Pope, K.S., Gutheil, T.G. (2009). Psychologists abandon the Nuremberg ethic: Concerns for detainee interrogations. International Journal of Law and Psychiatry, 32, 161–166. ijlp.2009.02.005

Posner, R. (2004). Torture, Terrorism and Interrogation. In: Levinson, S. (ed.). (2004). Torture: A Collection (pp.291-298). New York: Oxford University Press.

Rejali, D. (2003). Modern Torture as a Civic Marker: Solving a Global Anxiety with a New Political Technology. Journal of Human Rights, 2(2), 153-171. https://doi. org/10.1080/1475483032000078152

Rejali, D. (2007). Torture and Democracy. Princeton: Princeton University Press. https://doi. org/10.1515/9781400830879

Reyes, H. & Başoğlu, M. (2017). Control as a Defining Characteristic of Torture. In Başoğlu, M. (2017). Torture and Its Definition in International Law: An Interdisciplinary Approach (pp. 49-59). New York: Oxford University Press. Reyes, H. (2007). The worst scars are in the mind: psychological torture. International Review of the Red Cross, 89(867), 591–617. https://doi. org/10.1017/s1816383107001300

Rouillard, L-P. (2005). Misinterpreting the Prohibition on Torture Under International Law: The Office of Legal Counsel Memorandum. American University International Law Review, 21(9), 9-41.

Scarry, E. (1986). The Body in Pain: The Making and Unmaking of the World. New York: Oxford University Press.

Sifris, R. (2013). Reproductive Freedom, Torture and International Human Rights: Challenging the Masculinisation of Torture. London: Routledge. https://

Soldz, S. (2010). Psychologists Defy Torture: The Challenge and the Path Ahead. In: Harris, A. & Botticelli, S. (eds.). (2010). First do no harm: the paradoxical encounters of psychoanalysis, warmaking, and resistance (pp. 67-106). New York: Routledge.

Soldz, S. (2011). Fighting Torture and Psychologist Complicity. Peace Review: A Journal of Social Justice, 23(1), 12-20. 59.2011.548240

Spielmann, D. (2012). Variations on an Original Theme: Music and Human Rights. In: Casadevall, J. (ed.). (2012). Freedom of Expression: Essays in Honour of Nicolas Bratza (pp. 363-381) Oisterwijk: Wolf Legal Publishers.

Spjut, R. (1979). Torture Under the European Convention on Human Rights. American Journal of International Law, 73(2), 267-272. doi:10.1017/ S000293000010764X

Stover, E., Koenig, K.A., & Fletcher, L.E.. (2017). The Cumulative Effect. In: Başoğlu, M. (2017). Torture and Its Definition in International Law: An Interdisciplinary Approach (pp. 375-407). New York: Oxford University Press.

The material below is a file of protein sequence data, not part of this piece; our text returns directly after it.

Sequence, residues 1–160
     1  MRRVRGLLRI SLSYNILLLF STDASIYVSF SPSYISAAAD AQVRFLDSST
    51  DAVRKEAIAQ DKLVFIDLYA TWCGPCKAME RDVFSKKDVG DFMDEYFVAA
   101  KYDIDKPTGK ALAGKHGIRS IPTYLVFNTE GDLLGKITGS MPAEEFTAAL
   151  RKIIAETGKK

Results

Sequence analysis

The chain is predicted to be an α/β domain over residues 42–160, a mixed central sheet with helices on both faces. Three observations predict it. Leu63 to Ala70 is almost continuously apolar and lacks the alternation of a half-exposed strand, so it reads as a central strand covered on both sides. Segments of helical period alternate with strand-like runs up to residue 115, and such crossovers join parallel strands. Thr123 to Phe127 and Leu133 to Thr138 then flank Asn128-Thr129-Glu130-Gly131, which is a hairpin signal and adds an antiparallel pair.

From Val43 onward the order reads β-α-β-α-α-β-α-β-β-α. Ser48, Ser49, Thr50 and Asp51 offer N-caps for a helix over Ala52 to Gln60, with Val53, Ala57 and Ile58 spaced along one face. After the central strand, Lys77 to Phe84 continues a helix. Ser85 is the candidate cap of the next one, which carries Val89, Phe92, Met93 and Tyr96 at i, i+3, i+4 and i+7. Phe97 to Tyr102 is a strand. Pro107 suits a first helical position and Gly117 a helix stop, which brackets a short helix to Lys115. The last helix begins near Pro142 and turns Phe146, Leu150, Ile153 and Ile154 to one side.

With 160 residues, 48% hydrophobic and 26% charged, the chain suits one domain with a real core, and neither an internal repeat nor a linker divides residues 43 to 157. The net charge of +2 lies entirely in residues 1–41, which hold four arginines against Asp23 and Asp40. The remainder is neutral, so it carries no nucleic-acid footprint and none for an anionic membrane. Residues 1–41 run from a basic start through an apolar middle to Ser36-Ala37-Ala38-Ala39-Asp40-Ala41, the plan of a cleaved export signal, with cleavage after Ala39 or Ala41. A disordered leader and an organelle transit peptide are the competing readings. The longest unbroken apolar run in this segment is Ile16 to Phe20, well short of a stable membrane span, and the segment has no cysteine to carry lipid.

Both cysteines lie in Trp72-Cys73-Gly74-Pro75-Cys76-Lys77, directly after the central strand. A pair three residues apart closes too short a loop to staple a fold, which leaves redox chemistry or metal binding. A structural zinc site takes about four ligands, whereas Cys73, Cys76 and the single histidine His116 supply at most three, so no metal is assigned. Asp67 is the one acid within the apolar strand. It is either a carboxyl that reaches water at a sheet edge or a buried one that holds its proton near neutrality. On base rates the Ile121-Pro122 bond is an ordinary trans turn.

Suedfeld, P. (ed.). (1990). Psychology and Torture. Washington, DC: Hemisphere Publishing Corp.

Sveaass, N. (1994). The Organized Destruction of Meaning. In: Lavik, N.J., Nygaard, N., Sveaass & E. Fannemel (eds.). (1994). Pain and Survival: Human Rights Violations in Mental Health (pp. 43- 65). Oslo: Scandinavian University Press.

Sveaass, N. (2008). Destroying Minds: Psychological Pain and the Crime of Torture. New York City Law Review, 11(2), 303-324.

UN Commission on Human Rights. (2006). Situation of Detainees at Guantánamo Bay. E/ CN.4/2006/120, 27 February 2006.

UN Committee Against Torture. (2006). Conclusions and Recommendations, USA. CAT/C/USA/CO/2, 25 July 2006.

UN Committee Against Torture. (1994). Summary of the 184th Meeting, 12th Session. CAT/C/SR.184.

UN Committee Against Torture. (1997) Report on Israel. A/52/44, 10 September 1997.

UN Committee Against Torture. (1998) Consideration of Report on Israel. CAT/C/SR.336, 20 November 1998.

UN Committee Against Torture. (2014) Conclusions and Recommendations on USA. CAT/C/USA/ CO/3-5.

UN Human Rights Committee. (1992). CCPR General Comment No. 20: Article 7 (Prohibition of Torture, or Other Cruel, Inhuman or Degrading Treatment or Punishment),10 March 1992.

UN Human Rights Committee. (1998). Concluding Observations on Israel. CCPR/C/79/Add.93.

UN Office of the High Commissioner for Human Rights (OHCHR). (2004). Manual on the Effective Investigation and Documentation of Torture and Other Cruel, Inhuman or Degrading Treatment or Punishment (‘Istanbul Protocol’). HR/P/PT/8/Rev.1

UN Special Rapporteur on Torture. (1997). Report. E/CN.4/1997/7, 10 January 1997.

UN Special Rapporteur on Torture. (2004). Report. A/59/324, 1 September 2004.

UN Special Rapporteur on Torture. (2016). Report. A/71/298, 5 August 2016.

US Senate Select Committee on Intelligence. (2014). Committee Study of the Central Intelligence Agency’s Detention and Interrogation Program. (With declassification revisions of 3 December 2014).

US Senate Committee on Foreign Relations. (1990). Convention Against Torture: Hearing Before the S. Comm. on Foreign Relations. 101st Congress 13

Welch, B. (2010). The Torturer’s Apprentice: Psychology and Enhanced Interrogations. Global Dialogue, 12(1-2), 1-14.

Yarwood, L. (2008). Defining Torture: The Potential for Abuse. Journal of the Institute of Justice & International Studies, 8(3), 324-351.




How to Cite

Cakal, E. (2018). Debility, dependency and dread: On the conceptual and evidentiary dimensions of psychological torture. Torture Journal, 28(2), 15–37.